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Empire's Children
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Book description

Between 1869 and 1967, government-funded British charities sent nearly 100,000 British children to start new lives in the settler empire. This pioneering study tells the story of the rise and fall of child emigration to Canada, Australia, New Zealand, and Southern Rhodesia. In the mid-Victorian period, the book reveals, the concept of a global British race had a profound impact on the practice of charity work, the evolution of child welfare, and the experiences of poor children. During the twentieth century, however, rising nationalism in the dominions, alongside the emergence of new, psychological theories of child welfare, eroded faith in the 'British world' and brought child emigration into question. Combining archival sources with original oral histories, Empire's Children not only explores the powerful influence of empire on child-centered social policy, it also uncovers how the lives of ordinary children and families were forever transformed by imperial forces and settler nationalism.


'Boucher's work reveals how ideas about empire and nation building have informed child welfare programmes well into the twentieth century.'

Source: The Times Literary Supplement

'The book is well grounded in the recent extensive literature on ideas of the British Empire and 'Greater Britain' in the late nineteenth and early twentieth centuries … This book will probably not be the last word on the history of British child migration, but it is certainly the most comprehensive account to date.'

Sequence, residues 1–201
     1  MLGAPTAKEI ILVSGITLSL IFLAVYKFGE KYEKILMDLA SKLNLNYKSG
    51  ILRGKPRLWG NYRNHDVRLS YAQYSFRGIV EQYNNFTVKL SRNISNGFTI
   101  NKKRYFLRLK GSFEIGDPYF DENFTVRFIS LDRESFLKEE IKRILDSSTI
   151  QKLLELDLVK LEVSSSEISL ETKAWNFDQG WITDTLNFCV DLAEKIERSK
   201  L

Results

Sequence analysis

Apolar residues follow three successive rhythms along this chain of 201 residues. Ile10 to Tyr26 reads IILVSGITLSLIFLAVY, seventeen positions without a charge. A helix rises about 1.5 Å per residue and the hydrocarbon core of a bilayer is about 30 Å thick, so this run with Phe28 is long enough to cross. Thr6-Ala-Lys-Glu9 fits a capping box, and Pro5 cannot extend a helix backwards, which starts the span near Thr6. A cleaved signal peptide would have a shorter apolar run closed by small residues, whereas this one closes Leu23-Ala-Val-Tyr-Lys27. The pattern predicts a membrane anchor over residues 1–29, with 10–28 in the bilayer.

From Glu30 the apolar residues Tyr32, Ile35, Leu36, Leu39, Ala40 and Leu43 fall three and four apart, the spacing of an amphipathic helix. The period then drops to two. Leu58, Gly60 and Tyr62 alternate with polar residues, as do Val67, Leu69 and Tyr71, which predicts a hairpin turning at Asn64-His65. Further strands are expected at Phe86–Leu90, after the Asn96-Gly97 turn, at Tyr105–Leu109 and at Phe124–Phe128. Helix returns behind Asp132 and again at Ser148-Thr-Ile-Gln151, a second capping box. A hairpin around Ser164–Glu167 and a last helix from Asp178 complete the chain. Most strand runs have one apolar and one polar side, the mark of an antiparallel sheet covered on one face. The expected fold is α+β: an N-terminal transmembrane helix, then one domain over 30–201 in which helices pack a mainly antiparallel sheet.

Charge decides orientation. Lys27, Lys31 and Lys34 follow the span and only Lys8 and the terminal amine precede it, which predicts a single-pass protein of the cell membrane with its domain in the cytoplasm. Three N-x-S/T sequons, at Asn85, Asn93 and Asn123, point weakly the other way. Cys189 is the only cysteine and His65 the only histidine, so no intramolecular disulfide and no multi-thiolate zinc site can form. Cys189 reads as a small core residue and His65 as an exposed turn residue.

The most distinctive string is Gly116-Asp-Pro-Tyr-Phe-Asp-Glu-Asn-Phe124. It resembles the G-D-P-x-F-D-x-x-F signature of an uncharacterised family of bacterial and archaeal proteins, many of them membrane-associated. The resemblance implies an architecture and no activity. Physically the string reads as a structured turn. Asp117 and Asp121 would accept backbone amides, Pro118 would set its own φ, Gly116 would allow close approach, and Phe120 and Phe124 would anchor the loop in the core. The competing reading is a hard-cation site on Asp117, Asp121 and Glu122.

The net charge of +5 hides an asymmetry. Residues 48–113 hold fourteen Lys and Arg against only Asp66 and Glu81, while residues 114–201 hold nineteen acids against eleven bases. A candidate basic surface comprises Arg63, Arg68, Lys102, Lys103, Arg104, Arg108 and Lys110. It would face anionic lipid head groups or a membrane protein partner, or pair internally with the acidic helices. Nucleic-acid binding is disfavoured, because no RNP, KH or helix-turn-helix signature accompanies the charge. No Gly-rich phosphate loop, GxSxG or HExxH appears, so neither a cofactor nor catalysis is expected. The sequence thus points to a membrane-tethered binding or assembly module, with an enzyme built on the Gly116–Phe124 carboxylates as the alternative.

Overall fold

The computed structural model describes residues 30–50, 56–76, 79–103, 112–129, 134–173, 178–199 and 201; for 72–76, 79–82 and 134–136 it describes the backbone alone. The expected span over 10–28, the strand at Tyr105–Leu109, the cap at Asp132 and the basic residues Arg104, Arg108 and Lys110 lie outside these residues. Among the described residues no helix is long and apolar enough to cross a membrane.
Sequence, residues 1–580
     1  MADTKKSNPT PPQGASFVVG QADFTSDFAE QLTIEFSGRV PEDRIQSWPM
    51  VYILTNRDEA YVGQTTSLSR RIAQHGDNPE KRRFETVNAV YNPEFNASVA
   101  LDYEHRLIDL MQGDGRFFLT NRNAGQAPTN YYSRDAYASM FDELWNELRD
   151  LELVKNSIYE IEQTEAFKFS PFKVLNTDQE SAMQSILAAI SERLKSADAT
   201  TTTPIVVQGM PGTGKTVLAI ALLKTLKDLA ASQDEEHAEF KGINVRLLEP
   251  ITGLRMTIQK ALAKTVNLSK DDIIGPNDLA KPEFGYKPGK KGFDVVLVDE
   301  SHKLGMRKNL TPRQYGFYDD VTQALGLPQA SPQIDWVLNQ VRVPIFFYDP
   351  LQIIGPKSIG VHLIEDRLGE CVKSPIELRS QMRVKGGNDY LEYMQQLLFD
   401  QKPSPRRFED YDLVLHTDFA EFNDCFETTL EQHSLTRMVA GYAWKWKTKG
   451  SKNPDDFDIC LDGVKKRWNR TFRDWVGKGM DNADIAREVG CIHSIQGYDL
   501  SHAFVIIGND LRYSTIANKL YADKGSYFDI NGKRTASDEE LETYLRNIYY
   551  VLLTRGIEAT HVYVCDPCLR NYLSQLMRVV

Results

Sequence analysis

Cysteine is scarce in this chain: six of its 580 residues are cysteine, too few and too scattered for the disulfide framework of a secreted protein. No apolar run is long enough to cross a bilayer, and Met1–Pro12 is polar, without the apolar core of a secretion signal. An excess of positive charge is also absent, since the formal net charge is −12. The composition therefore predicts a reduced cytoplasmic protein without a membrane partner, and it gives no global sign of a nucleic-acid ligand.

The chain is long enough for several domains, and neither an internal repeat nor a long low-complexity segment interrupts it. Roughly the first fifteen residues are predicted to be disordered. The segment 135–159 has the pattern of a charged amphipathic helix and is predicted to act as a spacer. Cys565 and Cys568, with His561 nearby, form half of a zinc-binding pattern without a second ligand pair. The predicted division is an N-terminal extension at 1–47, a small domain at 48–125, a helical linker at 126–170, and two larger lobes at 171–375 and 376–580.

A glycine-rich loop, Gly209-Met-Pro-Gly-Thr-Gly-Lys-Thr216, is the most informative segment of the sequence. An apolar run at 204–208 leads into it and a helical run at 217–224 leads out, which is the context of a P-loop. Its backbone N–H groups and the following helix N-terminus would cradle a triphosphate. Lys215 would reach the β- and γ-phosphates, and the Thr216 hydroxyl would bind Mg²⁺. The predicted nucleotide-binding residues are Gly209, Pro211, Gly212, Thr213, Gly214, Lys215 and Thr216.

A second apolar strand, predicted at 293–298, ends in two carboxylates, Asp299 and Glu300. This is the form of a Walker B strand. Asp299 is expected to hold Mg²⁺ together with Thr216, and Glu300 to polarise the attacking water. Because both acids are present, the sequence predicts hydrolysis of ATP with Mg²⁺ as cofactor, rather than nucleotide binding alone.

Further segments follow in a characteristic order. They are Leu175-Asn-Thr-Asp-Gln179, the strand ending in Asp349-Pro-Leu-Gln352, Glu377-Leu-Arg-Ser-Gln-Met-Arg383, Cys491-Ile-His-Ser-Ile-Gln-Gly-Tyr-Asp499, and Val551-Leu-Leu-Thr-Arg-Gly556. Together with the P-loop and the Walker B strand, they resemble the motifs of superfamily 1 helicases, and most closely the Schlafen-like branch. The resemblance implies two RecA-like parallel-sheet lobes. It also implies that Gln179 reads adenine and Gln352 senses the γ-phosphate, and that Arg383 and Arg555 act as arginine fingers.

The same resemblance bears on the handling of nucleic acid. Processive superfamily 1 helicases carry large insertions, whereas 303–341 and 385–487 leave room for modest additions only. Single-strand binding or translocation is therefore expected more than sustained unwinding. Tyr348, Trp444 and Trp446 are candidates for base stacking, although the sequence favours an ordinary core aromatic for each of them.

Geoffrey Sherington Source: Journal of British Studies

'Boucher has given us a quite complex narrative and analysis of both the practice and the discourse of child migration during the era of imperial decline.'

H. L. Malchow Source: The Journal of Modern History

'This is a well-researched and often moving book. It helps us to grasp the historically specific circumstances that made child emigration a political reality. And perhaps we are not so distant from these ways of thinking ourselves. As Boucher reminds us, current debates about the intercountry adoption underscore how the circulation of children (and controversies about the ethics therof) remains part of our present world.'

Jordanna Bailkin Source: Victorian Studies

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  • 1 - Poverty and possibility in the era of Greater Britain
    pp 23-52


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